April 1, 2017
The tour group picked us up on a bus at 4 am, as promised. It was about a two hour ride to the trailhead. And I was terrified. I could feel my heart pounding whenever we slowed down, thinking we were almost there – and that this painful experience was going to start soon.
When we got to the trailhead, we all took a quintessential photo with the sign and we started walking. The first day was great. The trail was a dirt path. We were walking along a river. We started chatting with the other hikers – talking about work and other hiking vacations.
There were 16 of us on this journey. We ranged from 22 – 35. Most of us were Americans, but there were a few Europeans in the group. There were also porters there to help us carry those 4 kg of contents that I mentioned earlier. I was expecting maybe 1 porter to 2 hikers. No. There were 22 porters. They ranged from the age of 18 – 61. Sixty-one. Some of them wore broken rubber sandals. Their feet were cracked. They were so incredibly quick as they walked on the trail – hardly looking at the ground as they bounced along the ground. They carried more than 50 pounds on their back – their packs were as large as they were – easily the size of 4 golf bags. The porters would always beat us to our destination, and by the time we arrived, there was a dining tent set up and a meal was on the table. And I’m not talking about camp food. This was real food. Fish. Vegetables. Rice. Desserts.There was more food than could even fit on the tables. They even baked Andrew a birthday cake (no idea how that is possible, but it happened). But seeing these porters broke my heart. It was so hard to sit in that tent, on stools that they had carried for us up these crazy mountains, and to have them setting up our sleeping tents, washing our dishes, and preparing our food. I know that being a porter is one of the best jobs you can have in that area of the world, but it hurts my heart to think that I contributed to that.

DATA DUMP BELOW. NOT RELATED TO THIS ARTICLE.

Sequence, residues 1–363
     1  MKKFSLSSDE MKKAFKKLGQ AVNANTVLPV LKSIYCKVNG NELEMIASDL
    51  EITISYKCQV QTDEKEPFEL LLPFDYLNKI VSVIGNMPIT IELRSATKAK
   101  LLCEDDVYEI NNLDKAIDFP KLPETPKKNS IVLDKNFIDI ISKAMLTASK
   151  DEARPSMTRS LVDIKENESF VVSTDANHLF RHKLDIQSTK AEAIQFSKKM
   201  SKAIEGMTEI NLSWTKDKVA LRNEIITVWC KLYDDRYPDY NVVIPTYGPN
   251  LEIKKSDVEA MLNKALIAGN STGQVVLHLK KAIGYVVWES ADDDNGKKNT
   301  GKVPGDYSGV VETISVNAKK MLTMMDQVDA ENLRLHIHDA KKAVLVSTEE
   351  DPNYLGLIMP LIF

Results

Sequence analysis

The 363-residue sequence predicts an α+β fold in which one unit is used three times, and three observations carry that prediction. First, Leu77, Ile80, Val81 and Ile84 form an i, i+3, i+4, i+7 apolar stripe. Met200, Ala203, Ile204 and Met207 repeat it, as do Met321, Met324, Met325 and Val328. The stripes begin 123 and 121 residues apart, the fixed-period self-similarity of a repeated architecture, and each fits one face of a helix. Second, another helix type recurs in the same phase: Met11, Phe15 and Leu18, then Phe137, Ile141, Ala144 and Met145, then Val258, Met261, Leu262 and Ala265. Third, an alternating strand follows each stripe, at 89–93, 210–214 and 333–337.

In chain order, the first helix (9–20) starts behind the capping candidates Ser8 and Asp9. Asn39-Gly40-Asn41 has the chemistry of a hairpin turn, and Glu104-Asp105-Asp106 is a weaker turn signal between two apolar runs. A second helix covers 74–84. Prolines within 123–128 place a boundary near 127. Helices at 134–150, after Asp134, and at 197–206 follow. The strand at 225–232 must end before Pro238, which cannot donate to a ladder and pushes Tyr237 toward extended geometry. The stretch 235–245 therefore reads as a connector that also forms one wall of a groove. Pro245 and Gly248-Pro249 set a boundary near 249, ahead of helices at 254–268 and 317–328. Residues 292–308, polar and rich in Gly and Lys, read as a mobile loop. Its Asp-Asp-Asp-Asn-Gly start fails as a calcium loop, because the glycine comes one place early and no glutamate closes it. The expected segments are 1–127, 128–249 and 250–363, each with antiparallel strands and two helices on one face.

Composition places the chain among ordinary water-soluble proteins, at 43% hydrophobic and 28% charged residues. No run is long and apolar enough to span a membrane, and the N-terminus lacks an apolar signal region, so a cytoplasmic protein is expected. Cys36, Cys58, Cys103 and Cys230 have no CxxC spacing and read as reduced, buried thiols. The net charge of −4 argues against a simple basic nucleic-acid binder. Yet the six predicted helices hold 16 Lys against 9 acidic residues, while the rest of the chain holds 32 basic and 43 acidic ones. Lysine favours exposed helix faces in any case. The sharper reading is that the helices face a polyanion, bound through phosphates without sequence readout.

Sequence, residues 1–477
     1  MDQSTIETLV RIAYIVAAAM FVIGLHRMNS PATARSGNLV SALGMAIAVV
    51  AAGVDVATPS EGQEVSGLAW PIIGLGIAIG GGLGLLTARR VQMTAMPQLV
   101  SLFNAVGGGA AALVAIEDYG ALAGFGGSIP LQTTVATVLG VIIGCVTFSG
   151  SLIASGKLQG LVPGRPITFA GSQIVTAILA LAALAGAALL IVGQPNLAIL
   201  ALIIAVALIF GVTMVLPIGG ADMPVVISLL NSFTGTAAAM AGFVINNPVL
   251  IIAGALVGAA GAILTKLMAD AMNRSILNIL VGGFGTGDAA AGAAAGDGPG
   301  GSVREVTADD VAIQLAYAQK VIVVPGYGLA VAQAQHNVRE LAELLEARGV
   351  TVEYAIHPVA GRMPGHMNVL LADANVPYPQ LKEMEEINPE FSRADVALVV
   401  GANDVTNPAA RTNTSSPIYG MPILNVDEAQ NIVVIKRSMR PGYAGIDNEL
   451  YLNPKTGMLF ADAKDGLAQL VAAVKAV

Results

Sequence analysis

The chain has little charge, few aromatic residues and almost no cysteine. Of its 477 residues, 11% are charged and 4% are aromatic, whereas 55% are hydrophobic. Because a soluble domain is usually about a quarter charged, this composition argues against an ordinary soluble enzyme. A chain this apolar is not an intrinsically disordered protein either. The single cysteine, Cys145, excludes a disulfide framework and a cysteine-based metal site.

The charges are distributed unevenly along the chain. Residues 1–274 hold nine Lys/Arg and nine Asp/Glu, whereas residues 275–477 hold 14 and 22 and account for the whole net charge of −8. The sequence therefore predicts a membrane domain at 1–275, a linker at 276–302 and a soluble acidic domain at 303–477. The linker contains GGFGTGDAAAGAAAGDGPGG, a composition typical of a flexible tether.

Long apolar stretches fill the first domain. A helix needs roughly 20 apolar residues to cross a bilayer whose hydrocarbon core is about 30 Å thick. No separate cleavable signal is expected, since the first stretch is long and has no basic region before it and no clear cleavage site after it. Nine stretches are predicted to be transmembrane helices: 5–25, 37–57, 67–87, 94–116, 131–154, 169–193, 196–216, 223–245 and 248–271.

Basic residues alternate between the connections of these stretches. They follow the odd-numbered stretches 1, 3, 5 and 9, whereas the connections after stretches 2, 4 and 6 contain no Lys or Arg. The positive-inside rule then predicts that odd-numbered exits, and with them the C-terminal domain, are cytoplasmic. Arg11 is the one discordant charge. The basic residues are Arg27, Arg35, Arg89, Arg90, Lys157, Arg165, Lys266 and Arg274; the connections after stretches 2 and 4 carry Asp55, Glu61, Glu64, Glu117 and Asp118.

The second day of the hike was the hardest. We woke at 4:30 am. I attempted to use dry shampoo for the first time in my life with no success. The clouds were thick, engulfing us and clouding our visibility. We went up hill for four hours that morning. Step after step, every breath was harder to breathe. We went downhill for two hours. We stopped for lunch, went up another two hours and then down another two. This second day, the terrain was so different than the first. We were officially on the original Inca trail. The ground was uneven. The stones were different shapes and sizes. They were slippery. The rain was coming down, and it was hard to see over my poncho. My knees were aching, but when I stopped, my legs just shook uncontrollably.
Most of the hike for the next two days blends together. Steep inclines and steeper declines. Ancient ruins. Llamas grazing. The conversation evolved from work and previous hiking trips to taxes and the oxford comma. Lord help us.